So I voted. It's 6.08 PM on election day as I write and, by the time you read this, the UK will have a new, or maybe the same, Prime Minister.
It's quite good voting in a country like this one. First thing this morning I dug out my electoral register voting slip thing and peered at the map on it to try and figure out where my polling station was. Off I went. Winnie the Pooh would have enjoyed the sun and blue sky and hummed a little ditty, something along the lines of
"Dum dum di dum di dum"
I'm not a fucking talking bear so I didn't. I just did my usual thing; walked and tried to look cool in a not trying to look cool way. The polling station was the local library and as British as chicken tikka masala; quiet, calm and understated.
There wasn't the slightest feeling of impending violence, no white vans lurked suspiciously and things were generally quieter than on one of the library's normal working days. As I walked towards the entrance a sweet old woman asked for my polling card number and made a note of it, they do that to look at turnout I think, and then I went in and did my thing.
X marked the spot and I had two votes, one for the Parliamentary election and another for the local council election. I read the instructions on the wall of my booth, trying to convey that air of knowing what I was doing, as if I was glancing at the wall with disinterest rather than reading the instructions before my maiden parachute jump.
Then I jumped. Well, I bunged a few Xs in the appropriate places, hardly a parachute jump to be honest.
As I left I was accosted by the chap at the front, the one who'd watched to make sure I put the ballot paper in the box properly. It sounds easy but you'd be surprised at how nervous I was about doing it correctly.
"Excuse me, can I ask you a question" the chap said.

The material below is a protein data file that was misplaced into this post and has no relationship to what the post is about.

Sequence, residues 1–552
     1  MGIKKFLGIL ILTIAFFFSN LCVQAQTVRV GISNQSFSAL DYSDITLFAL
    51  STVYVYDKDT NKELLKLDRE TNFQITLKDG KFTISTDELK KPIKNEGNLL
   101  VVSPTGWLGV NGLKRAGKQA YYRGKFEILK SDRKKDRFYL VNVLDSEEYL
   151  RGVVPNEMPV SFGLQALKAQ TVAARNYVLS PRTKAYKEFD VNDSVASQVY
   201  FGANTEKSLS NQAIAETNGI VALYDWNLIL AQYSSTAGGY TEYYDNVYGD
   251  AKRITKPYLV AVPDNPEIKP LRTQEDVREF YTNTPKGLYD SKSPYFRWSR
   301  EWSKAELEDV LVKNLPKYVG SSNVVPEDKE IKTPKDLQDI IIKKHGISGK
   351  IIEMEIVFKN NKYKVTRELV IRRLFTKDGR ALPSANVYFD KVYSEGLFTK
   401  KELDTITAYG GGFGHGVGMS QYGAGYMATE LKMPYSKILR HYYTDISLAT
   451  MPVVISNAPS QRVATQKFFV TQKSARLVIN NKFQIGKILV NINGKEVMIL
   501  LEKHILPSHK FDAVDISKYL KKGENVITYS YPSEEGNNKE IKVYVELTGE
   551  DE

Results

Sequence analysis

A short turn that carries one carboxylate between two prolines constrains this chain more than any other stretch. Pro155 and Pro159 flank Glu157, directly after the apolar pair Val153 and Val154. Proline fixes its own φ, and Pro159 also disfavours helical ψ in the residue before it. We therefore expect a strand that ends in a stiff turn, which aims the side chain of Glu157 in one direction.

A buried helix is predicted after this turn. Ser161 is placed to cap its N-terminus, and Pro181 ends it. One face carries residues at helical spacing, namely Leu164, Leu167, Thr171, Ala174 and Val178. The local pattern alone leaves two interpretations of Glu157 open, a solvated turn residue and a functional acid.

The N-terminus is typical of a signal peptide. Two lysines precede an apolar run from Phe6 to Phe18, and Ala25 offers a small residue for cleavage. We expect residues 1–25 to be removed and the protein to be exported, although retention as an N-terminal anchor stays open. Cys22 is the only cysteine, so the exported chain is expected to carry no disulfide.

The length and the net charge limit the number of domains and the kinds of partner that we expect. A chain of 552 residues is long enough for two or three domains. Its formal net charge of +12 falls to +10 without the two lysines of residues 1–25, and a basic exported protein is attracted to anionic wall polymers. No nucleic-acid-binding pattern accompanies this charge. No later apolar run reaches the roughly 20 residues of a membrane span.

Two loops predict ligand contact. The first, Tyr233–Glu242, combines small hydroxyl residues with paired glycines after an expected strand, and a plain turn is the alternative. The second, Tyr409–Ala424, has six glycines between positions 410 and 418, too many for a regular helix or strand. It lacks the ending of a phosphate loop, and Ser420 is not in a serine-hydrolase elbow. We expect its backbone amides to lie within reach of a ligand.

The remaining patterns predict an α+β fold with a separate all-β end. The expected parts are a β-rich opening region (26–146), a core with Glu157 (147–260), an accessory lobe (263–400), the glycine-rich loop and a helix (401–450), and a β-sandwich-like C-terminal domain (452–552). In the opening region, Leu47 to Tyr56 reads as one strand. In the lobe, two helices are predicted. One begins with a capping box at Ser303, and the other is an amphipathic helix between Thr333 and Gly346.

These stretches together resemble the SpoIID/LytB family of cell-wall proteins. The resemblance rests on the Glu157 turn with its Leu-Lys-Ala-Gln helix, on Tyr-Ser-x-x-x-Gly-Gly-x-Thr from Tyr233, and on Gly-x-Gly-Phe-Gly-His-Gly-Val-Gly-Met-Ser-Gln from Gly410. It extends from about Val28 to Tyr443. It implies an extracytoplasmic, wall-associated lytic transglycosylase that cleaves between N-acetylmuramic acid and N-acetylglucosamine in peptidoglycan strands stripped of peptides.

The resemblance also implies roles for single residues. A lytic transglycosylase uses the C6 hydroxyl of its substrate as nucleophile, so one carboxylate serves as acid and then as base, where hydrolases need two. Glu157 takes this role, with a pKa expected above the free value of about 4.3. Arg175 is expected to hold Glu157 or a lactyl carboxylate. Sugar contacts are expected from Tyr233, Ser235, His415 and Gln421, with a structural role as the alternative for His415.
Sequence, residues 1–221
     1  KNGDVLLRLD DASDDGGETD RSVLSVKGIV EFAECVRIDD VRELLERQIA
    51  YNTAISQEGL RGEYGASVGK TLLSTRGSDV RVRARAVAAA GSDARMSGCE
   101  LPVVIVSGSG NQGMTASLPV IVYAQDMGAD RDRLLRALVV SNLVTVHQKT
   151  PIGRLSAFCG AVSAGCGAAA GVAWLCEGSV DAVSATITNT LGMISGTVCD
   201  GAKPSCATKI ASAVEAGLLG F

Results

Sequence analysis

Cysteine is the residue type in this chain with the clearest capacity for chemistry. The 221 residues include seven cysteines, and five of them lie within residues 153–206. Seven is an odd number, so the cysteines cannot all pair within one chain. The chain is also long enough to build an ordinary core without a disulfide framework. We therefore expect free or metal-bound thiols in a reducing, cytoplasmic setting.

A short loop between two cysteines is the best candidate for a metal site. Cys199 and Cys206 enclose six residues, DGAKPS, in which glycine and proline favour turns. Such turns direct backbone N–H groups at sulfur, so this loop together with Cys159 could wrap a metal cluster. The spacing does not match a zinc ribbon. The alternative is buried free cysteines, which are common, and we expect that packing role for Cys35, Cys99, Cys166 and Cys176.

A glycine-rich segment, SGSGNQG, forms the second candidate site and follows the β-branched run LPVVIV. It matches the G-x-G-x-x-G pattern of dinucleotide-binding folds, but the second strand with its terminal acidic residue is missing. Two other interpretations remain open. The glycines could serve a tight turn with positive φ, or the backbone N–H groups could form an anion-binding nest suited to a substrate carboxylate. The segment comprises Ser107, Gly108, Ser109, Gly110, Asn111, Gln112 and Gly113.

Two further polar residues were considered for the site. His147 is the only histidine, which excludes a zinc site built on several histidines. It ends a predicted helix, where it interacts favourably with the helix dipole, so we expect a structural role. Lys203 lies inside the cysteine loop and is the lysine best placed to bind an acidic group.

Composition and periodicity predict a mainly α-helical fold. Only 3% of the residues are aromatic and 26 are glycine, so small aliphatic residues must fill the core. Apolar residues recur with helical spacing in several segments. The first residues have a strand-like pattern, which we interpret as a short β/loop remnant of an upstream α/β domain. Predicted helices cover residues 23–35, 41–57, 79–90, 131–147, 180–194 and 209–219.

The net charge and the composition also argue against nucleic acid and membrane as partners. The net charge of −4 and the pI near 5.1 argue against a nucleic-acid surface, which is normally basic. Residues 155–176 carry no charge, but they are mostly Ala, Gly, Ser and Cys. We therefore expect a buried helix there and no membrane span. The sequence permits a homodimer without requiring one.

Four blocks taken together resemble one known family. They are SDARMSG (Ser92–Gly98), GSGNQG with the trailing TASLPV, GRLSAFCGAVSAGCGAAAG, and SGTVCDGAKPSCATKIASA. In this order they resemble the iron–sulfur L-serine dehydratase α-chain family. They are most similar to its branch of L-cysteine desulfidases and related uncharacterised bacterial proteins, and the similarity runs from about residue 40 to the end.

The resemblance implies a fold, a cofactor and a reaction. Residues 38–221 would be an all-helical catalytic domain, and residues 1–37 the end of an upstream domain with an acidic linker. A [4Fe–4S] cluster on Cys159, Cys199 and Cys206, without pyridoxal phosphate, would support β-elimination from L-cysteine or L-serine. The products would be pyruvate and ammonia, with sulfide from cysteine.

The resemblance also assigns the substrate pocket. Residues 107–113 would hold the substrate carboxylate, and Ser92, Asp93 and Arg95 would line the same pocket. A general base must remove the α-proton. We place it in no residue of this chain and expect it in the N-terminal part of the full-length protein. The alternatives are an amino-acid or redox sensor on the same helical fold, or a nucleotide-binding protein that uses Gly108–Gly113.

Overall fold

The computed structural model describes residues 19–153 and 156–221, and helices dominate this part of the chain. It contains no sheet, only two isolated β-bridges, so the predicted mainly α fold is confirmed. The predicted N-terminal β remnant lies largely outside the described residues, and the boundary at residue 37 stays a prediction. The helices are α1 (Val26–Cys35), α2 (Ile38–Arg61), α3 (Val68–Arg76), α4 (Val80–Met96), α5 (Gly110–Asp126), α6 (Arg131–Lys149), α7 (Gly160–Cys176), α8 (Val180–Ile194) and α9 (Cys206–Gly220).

I baulked that little bit, thinking that it was inappropriate for one of these official fellows to ask who I'd voted for.
"Have you got a brother?" he continued.
"Erm yes" I said. Cleverly. Not that either of their names is actually "Cleverly", like Beverley, which seems to be a name strangely popular among Sri Lankan men. Why is this? I've never met a white man called Beverley but have known three Sri Lankan males with the B moniker.
Turns out that the chap went to school at my old school and was a classmate of Music Biz bro. We had a little catch up talk and then parted.
And that was it. On the way out the sweet old woman asked me the same question as she had on the way in, then realised her mistake and apologised profusely.
Off I went with a total lack of ink marks applied to any of my fingers, or even those of my grandmother.
As I write this the country has been enveloped by a certain eerie calmness. Campaigning is over and I guess many people are still to vote. It's three or four hours until the post election results programmes begin on all the TV channels and each of them attempts to parade the most eye catching technology and the best analysis.
Once the counts start to come in all hell will break loose. Every expert in the country will be predicting all sorts of things and swingometers will be swinging more than King Louie out of Jungle Book on a banana hunt.
But one thing I reckon is a certainty.
Tomorrow, or today, whatever the result, whoever we decide we want in charge of the country, and it will be our decision, the loser won't be arrested and charged with, well, unknown charges.
Hmmm....democracy. I think I like it, though I prefer string hoppers.
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